Maltese business owners were left surprised and dismayed yesterday after it was revealed that the UK had left the island out of its safe-to-travel green list.
On the island, there were a range of reactions, with some saying it was a political move by the UK, whereas others said that it may actually give the UK time to stabilise their Covid-19 Indian variant situation.
Noting their frustration, the Malta Hotel and Restaurant Association said the UK’s decision did not follow any “scientific and logical reasons” in light of Malta’s management of the virus.
Noting that the UK represented 33% of all tourists arrivals in Malta in 2019 and that losing the market was “significant”, they asked if the UK’s decision was aimed at undermining the “decades-old free movement of trade and services which are tantamount to protectionist measures rather than purely based on a scientific basis”.
“MHRA calls on the EU to support further the hospitality industry and to ensure it defends one of the major freedoms of the union,” they urged.
The Malta Chamber of SME’s Philip Fenech told Lovin Malta that it was imperative for the island “not to be hasty” during this critical moment, saying the association was feeling “cautious but optimistic”.
Fenech noted that business owners were having mixed reactions, with some worried this would keep them out of the UK market whereas others said this may actually give the UK a chance to stabilise their concerning Indian variant situation before opening up to Malta.
More than anything though, the Chamber didn’t want to see businesses have to close again, and urged for strict controls to be kept up at the airport and that anyone found to not have the correct documentation to be “scrutinised appropriately”. The last thing the island wanted to see was Covid-19 cases to rise due to an influx of people to the island who were not appropriately tested and checked beforehand.
Similarly, Abigail Mamo, the Chamber’s chief, told Lovin Malta that the list was different than they had anticipated.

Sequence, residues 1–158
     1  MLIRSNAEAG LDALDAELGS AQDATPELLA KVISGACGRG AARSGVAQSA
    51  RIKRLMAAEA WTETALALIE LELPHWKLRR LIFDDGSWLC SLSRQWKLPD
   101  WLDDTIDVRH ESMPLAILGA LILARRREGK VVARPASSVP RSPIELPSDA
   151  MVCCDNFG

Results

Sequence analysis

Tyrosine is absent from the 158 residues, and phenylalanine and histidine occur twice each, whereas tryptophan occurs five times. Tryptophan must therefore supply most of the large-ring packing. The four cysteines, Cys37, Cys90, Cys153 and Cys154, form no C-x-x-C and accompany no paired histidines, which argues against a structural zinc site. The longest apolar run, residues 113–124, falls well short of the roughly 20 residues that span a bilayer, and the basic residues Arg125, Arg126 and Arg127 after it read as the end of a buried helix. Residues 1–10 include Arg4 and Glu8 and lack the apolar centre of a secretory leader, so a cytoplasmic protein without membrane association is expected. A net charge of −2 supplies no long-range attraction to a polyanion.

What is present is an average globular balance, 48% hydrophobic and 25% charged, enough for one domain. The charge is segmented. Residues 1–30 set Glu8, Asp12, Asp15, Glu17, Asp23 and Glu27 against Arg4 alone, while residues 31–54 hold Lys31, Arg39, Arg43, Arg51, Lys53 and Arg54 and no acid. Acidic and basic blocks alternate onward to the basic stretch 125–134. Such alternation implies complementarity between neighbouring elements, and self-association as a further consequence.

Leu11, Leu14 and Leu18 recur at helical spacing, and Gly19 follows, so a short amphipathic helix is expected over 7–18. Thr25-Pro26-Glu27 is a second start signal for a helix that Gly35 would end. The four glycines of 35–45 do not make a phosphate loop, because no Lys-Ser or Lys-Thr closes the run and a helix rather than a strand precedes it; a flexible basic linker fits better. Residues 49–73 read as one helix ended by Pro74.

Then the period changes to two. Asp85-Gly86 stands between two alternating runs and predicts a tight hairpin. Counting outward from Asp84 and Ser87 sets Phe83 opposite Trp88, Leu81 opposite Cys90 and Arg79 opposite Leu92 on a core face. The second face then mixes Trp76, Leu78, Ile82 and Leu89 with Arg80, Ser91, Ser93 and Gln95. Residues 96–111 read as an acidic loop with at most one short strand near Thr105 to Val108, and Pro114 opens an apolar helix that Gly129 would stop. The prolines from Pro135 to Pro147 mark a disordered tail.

“It is no longer a contest of which country manages to get on the list for progressing on Covid-19. This time from Malta’s side we can surely say ‘it wasn’t me’, Malta was in a good shape to make the list under the original parameters.”
“What worries me greatly about all of this is the level of inconsistency,” she continued. “The stop and go attitude will do more harm than good.”
Tourism minister Clayton Bartolo said he was “disappointed” by the UK’s decision.
“My disappointment stems from the fact that our country is the only European nation to achieve herd immunity, is in the very front of the inoculation programme and has the lowest rate of infection in the European Union.
“In a few words, this situation is not due to any shortcoming from Malta’s end,” he continued.
While no new countries were added to the UK’s green list yesterday, seven countries – Afghanistan, Bahrain, Costa Rica, Egypt, Sri Lanka, Sudan, and Trinidad and Tobago – were added to the red list.
The last time the UK revealed new rules regarding green list countries was on 7th May, when Malta also missed out on making it on the green list. For now, the country stays amber.
The next time the UK is set to update their travel list is 21st June.
What do you make of the UK’s decision?